Bell and Rogers have been crowned ‘Fastest Mobile Networks’ in Canada, according to PCMag.
The publication unveiled the results of its second FMNC test, which took the team coast-to-coast in what became a half travelogue, half network-testing expedition.
The team used a suite of unlocked HTC One M8’s, which supports speeds of 150Mbps using the Category 4 LTE standard, and a specially-made version of Sensorly’s network data aggregation app.
According to PCMag’s lead mobile analyst, Sascha Segan, the Big Three networks all put in strong showings, but there were areas of the country where one dominated over the rest. “Bell and Rogers do different things well,” he told me. “Rogers appears to prioritize the downlink on its Band 7 (2600Mhz) network, which results in screaming fast download speeds in the centres of major cities. Bell has gone for a more balanced approach,” noting that Bell’s average national upload speeds were some 45% higher than Rogers’s.
All three networks improved in speed over last year’s testing, but Segan and his team found that even in areas where Bell and TELUS share a network, the latter scored consistently lower both the downlink and uplink. “TELUS and Bell should be almost equal,” as they share a network in all but Bell’s 2600Mhz Band 7 deployment. “But the TELUS phones lagged behind [Bell’s] in many cities,” a reality likely caused by issues on the device configuration side.
PCMag also found that while “national” new entrants like WIND lagged considerably behind the incumbents in both speed and network coverage, regional upstarts like Eastlink in Nova Scotia, Videotron in Quebec and MTS in Manitoba have matured to offer considerable value for money in their respective vicinities.
Nationally, Rogers topped the tests at 115.9Mbps in suburban Vancouver (perhaps a case of an unused Band 7 tower with a lot of iPhone users, who, until the iPhone 6/6 Plus, didn’t have access to 2600Mhz LTE), while Bell topped maximum uploads speeds at 41.9Mbps, with Rogers coming in second at 28.5Mbps and TELUS a close third at 23.5Mbps.
Average download speeds were 32.7Mbps for Rogers, 23Mbps for Bell and 17.2Mbps for TELUS. Of course, latency matters just as much as speed, and Bell ended up winning that contest, too, with an average “Time to First Byte” of 202ms, followed by TELUS and Rogers.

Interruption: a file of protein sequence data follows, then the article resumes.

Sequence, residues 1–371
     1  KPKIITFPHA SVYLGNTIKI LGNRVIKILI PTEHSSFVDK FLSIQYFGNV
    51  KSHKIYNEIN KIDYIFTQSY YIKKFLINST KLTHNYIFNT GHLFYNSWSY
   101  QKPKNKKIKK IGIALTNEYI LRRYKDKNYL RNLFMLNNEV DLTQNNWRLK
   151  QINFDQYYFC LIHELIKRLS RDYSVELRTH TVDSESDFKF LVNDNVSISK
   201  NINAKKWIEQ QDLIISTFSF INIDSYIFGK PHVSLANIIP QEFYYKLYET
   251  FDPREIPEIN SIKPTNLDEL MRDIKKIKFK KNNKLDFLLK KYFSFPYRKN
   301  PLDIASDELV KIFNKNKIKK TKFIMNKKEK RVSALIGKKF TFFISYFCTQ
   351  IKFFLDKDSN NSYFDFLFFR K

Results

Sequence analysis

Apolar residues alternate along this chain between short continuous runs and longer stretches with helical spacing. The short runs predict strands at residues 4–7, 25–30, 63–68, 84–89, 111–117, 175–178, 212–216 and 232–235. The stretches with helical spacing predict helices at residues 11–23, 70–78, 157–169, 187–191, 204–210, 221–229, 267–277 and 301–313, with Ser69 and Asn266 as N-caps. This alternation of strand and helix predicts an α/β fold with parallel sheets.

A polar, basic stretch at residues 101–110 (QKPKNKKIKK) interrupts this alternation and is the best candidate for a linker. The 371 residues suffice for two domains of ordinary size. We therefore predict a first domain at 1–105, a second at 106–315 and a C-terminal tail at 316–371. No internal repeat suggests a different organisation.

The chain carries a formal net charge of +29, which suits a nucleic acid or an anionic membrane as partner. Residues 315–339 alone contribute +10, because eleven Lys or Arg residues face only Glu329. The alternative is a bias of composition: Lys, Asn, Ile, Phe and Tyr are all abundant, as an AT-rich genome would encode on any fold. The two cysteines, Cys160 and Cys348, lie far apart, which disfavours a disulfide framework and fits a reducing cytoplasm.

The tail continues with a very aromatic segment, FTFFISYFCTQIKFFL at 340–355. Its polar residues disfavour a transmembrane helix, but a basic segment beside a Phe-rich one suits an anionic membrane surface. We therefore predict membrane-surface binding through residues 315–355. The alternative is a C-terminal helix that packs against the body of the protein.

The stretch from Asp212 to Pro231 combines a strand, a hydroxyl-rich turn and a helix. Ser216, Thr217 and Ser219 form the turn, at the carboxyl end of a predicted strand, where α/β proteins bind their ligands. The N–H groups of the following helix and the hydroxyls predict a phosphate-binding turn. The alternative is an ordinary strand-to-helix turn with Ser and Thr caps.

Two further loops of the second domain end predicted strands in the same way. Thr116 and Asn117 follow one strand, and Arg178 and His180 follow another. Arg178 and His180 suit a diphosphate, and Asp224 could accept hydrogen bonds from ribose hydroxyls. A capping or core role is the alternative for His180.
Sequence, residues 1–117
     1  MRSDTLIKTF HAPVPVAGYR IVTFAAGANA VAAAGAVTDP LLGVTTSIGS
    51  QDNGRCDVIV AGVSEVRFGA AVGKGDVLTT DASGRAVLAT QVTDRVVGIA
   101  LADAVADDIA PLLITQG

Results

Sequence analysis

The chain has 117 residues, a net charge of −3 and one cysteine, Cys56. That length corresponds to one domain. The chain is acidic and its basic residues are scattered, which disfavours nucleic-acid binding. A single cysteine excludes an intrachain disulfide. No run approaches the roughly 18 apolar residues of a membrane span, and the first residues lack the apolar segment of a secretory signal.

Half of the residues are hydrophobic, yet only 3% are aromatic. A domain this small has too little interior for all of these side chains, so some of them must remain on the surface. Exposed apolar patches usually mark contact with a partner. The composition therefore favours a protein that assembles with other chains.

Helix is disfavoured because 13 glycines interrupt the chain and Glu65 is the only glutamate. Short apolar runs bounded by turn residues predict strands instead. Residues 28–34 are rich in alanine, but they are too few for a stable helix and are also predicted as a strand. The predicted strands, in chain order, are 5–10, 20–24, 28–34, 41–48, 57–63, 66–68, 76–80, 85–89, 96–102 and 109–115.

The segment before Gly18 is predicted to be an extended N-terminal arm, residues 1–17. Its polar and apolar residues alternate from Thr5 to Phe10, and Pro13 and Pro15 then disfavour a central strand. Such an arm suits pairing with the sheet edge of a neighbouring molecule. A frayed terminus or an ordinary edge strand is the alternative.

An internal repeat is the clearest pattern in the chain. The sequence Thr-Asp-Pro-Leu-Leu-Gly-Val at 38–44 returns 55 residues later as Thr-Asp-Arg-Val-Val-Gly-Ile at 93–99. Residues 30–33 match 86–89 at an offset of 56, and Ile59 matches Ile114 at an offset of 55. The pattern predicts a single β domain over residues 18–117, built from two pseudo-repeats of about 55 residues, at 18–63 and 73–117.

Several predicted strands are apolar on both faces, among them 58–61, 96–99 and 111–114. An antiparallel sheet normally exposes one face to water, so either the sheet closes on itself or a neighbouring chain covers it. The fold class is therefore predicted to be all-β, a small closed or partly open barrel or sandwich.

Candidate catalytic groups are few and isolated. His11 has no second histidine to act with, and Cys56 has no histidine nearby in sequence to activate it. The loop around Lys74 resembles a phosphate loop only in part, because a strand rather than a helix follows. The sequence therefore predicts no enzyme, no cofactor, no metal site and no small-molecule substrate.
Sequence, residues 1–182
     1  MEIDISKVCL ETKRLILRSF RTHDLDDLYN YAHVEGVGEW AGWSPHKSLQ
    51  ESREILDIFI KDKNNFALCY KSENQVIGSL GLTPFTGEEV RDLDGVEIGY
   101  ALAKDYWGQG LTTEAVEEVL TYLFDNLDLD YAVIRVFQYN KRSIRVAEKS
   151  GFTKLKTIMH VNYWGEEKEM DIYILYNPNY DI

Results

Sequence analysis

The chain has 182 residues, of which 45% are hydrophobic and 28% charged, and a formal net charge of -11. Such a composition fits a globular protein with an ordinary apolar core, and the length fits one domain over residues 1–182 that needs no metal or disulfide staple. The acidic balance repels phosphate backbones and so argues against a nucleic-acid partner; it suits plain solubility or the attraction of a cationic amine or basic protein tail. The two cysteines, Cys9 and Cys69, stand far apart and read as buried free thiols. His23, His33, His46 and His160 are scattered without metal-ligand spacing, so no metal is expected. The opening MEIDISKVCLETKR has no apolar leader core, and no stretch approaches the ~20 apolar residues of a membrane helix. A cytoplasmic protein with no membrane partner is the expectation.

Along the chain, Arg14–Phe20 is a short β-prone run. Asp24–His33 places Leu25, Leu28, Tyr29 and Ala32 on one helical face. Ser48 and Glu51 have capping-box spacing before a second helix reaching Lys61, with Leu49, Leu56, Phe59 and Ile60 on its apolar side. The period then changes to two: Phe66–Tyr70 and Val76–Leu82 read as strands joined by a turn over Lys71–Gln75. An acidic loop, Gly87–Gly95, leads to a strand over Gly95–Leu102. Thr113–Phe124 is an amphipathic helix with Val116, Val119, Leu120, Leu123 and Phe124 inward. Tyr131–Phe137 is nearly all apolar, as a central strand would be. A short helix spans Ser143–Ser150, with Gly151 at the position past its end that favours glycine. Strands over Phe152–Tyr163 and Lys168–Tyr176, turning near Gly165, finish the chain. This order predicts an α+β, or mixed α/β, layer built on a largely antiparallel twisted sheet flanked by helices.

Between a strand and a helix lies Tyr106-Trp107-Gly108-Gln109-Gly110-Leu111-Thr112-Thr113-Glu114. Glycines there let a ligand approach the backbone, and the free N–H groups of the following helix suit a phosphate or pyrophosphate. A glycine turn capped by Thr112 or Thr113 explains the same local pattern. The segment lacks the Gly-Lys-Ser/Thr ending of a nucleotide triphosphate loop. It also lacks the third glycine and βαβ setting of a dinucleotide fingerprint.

Indeed, it appears that Rogers has heavily biased speed over latency across its network, as it likes to advertise being the fastest ISP both on the mobile and cable side.
Rogers was also the clear winner in Quebec, with Bell winning the battle of Southern Ontario and most Eastern provinces. In fact, Bell was so far ahead in New Brunswick that Rogers was pretty much a no-show. Bell and Eastlink battled it out in Halifax, Nova Scotia, with the latter coming in ahead by a wide margin. Similarly in Winnipeg, Manitoba, MTS bested Bell and Rogers (though it shares both 3G and LTE infrastructure with Rogers).
Ultimately, PCMag notes that mobile users in areas with a viable fourth carrier like MTS, Videotron or Eastlink can safely change carriers without sacrificing performance, saving a bit of money in the process, but users in Southern Ontario, Alberta, New Brunswick and parts of British Columbia are best served by Bell. Rogers maintained its performance lead in Vancouver and parts of Quebec, though Videotron encroached on its dominance in that province by offering similar performance at a far better price point.
With WIND Mobile receiving an influx of capital and Videotron poised to launch a national network pending domestic roaming regulation, the chart may look quite different a year from now (though probably more like two years from now).